After the manna, God actually gave them meat, more than they could handle. It seems though that the meat might have been the cause of a subsequent plague engineered by God get their attention. Maybe the Israelites didn’t take care of the meat properly.  In any case, the old adage “be careful what you ask for” is applicable here.  If the people had the right spirit, they might have seen that God was actually trying to keep His people healthy through the manna he provided, that this heavenly stuff was actually a sign of His care.

Some days it’s hamburger and some days it’s steak.  But whatever He sets before us, we should thank the Lord for His provision.  His supply of our needs  shows He loves us and takes care of us.

*Derrick Smith

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“A discerning man keeps wisdom in view, but a fool’s eyes wander to the ends of the earth (Proverbs 17:24).”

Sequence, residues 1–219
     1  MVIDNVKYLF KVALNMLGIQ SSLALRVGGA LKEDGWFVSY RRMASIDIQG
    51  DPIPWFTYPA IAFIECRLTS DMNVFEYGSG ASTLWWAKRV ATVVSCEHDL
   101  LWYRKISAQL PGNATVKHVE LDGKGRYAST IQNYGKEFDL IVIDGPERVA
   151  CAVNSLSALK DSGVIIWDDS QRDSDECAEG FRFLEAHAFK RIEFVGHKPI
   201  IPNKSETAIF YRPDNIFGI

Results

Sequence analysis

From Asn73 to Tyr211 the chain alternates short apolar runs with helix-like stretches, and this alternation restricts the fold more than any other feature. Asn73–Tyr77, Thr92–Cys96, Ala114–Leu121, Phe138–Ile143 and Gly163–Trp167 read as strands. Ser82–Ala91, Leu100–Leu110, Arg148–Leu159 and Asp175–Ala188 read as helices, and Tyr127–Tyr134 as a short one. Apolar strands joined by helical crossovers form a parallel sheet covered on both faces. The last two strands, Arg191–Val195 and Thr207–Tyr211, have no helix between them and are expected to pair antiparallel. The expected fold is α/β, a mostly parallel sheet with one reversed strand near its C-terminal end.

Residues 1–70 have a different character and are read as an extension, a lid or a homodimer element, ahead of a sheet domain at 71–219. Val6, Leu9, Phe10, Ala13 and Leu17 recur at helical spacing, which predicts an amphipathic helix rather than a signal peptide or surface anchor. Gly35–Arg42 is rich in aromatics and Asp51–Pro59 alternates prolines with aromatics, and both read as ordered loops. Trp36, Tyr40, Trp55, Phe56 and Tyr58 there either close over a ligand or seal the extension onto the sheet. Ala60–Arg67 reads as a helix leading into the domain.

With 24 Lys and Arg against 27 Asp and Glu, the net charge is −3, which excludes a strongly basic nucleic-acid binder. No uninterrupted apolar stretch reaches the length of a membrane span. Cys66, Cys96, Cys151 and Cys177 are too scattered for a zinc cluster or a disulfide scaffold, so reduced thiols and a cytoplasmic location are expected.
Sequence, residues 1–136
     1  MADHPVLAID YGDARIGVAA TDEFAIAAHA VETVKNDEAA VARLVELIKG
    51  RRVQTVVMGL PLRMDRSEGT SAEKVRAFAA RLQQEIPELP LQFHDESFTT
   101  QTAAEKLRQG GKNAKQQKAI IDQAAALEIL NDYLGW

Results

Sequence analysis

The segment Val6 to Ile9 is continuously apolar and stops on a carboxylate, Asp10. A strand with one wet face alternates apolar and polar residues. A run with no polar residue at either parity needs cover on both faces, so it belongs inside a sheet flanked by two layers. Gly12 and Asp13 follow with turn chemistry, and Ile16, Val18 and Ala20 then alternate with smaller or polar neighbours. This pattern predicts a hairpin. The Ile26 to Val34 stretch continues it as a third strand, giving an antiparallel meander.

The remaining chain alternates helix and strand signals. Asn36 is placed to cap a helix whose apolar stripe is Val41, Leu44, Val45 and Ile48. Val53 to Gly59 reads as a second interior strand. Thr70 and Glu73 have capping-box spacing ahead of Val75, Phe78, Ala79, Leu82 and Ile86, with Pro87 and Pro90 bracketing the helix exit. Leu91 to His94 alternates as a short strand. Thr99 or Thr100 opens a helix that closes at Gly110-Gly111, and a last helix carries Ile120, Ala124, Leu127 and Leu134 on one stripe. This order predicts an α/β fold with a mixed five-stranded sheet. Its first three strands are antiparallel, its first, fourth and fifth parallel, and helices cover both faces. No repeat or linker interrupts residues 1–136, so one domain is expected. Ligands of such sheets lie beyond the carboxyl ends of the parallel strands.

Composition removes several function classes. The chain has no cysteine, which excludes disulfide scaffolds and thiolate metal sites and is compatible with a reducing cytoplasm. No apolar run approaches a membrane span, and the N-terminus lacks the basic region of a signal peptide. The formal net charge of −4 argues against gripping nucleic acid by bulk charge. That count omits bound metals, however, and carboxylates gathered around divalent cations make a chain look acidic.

Lately the local Starbucks has been playing a lot of soul music. I have enjoyed it because I have an affinity for this kind of music.  My attraction to soul music comes from my early adolescent days in the Baltimore of the late 1960s. Soul music was a distinctive part of the city’s culture. 

The music of  The Temptations, The Four Tops and the Supremes was played at hops and on the local radio.  The soft voices and brassy saxophones coming from soul music  gave the city a sense of community and made Baltimore unique. So, when I hear this music, I am reminded of my roots.  It is a part of who I am culturally.